Elliott's turn, but not before Simon and Seacrest get into it about Seacrest's refusal to shave. Or do they? Simon makes a crack about Desperate Housewives and tells the scruffy host to "lose the beard." Suddenly it's kind of up in the air as to what's being discussed. Now, I know that other viewers may find their endless gay-baiting tedious. But I think it's funny. And Simon's one up on his pal this week.
Finally, Elliott's bangs situation is being addressed. They're more texture-y this week. I can't take credit for this. Nor can I help the fact that he's not going to win this competition. He's got no idea what to do onstage beyond hitting all the notes. If this were strictly about singing, he'd win right now. But it ain't. It's about cuteness and poise and having a compelling off-camera story that's better than "I was a weak and sickly child." It's also about not looking like a rabbit soon to be ground into the pavement by an oncoming truck while singing a Garth Brooks song. Kenny encourages Elliott to make the audience cry instead of showing off his ability to vocally leap tall buildings in a single bound, so he goes for one of Garth's lovey-dovey ballads, "If Tomorrow Never Comes." It's a lot of whatever.
Paris and Seacrest discuss her hair and its ever-changing moods. (Type 3 Gay move on his part). This week it's serious and straight because she's about to do some heavy power-ballad lifting. She chooses Leann Rimes's biggest hit, the nominally country "How Do I Live Without You." Due to time constraints it's the heavily edited-down version, which turns it into 85% big finish and nothing much else. But what's great about Paris is that she sells it like she's about to defiantly take on an entire pack of village-destroying giants. Randy and Paula hate it. Simon digs it. The Earth falls into the sun.
Here's what ain't country: marrying Nicole Kidman. Which is just what freaky Australian person Keith Urban is fixin' to do. If he were a true dude, he'd be chasing after Gretchen Wilson. The other thing that ain't country is most of Urban's songs. And that's what appeals to Ace, who sits down and performs--is there anything worse than someone sitting on a stool to sing a song?--Urban's "I Want to Cry." Ace knows all about the sensitivity pose and so he gets all kissy-kissy and weepy-weepy with it. He's full of faux-choked-up-itude, and once again his shirt is strategically tucked in at the belt buckle area only. Gotta keep that presentation at half-chub.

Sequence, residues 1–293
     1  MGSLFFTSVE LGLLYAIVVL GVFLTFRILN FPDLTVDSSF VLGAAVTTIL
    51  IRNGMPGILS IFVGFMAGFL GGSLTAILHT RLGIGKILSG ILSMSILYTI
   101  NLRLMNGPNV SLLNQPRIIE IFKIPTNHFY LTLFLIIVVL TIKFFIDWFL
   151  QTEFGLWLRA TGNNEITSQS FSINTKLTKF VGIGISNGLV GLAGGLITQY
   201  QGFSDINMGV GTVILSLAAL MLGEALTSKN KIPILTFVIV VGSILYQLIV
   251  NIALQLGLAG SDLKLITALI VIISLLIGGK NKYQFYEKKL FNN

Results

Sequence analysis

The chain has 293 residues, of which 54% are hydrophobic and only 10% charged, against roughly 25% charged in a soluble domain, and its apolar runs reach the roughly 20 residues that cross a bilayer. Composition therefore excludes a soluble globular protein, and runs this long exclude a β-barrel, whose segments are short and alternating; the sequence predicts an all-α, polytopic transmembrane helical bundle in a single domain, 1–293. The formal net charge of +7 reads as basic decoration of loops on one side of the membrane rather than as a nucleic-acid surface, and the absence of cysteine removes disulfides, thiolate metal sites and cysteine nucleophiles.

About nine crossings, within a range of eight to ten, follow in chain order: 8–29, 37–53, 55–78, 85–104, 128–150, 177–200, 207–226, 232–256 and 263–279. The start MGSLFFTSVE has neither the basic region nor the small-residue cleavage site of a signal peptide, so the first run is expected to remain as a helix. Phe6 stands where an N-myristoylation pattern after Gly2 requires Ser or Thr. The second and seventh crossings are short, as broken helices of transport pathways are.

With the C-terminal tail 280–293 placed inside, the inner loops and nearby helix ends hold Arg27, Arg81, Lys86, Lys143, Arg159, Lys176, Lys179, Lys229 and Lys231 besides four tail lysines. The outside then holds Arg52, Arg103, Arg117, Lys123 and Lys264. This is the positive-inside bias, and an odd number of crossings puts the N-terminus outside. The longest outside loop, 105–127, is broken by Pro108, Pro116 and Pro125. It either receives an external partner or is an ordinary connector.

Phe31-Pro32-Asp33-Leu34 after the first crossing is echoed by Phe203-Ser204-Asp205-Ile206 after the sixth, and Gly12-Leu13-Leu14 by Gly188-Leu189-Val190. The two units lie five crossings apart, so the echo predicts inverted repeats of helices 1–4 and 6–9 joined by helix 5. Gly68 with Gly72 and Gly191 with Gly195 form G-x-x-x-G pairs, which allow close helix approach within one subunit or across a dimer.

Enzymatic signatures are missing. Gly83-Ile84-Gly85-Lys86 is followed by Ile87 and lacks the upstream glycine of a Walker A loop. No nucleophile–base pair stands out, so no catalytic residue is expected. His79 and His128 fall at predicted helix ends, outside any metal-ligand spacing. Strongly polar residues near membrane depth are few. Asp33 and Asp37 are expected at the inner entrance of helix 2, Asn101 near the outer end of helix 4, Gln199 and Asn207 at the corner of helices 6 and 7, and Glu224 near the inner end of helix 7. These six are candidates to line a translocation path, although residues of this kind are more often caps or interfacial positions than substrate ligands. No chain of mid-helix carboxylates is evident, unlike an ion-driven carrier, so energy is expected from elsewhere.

Seacrest's new job is to take on Internet naysayers who cruelly attack the contestants. Last week it was Daughtry he had to rush in and save from evil fact checkers. This week it's Pick Pickler. He wants to clear up the rumors that she is not as innocent and naive as she appears. She's quick to tell him that she is, in fact, as dumb as she says she is. That's comforting.
It's Check-Out-My-Rack week for Pick Pickler. She's been sexed up outfit-wise to compensate for the fact that her song choice, "Fancy," a Bobbie Gentry tune about a mom who turns her daughter into a prostitute, has been gutted of its most unsavory and hookerish lyrics. And here's what's good and true about Pick Pickler this week. She twangs. She does this effortlessly because she's a twangy teen. It gets her over and reminds you that this is in fact country week.
Golden boy Daughtry, having already won over the people in charge, is about to steal all of Ace's fan base by taking a Keith Urban ballad for his own. It's also worth noting that Keith Urban, as I said before, is to country what Creed and Live are to rock--the suburban shopping mall version of the real thing. So good move, Daughtry, at least your crap taste in music is consistent across genres. But back to dealing Ace the death blow: I would kill to know how these two deal with each other behind the scenes. I imagine Ace running around, plotting, strategizing, picking up tips from Daughtry's textbook of swaggery moves, scratching his head through his little knit cap, desperate to figure out the Bald One's appeal.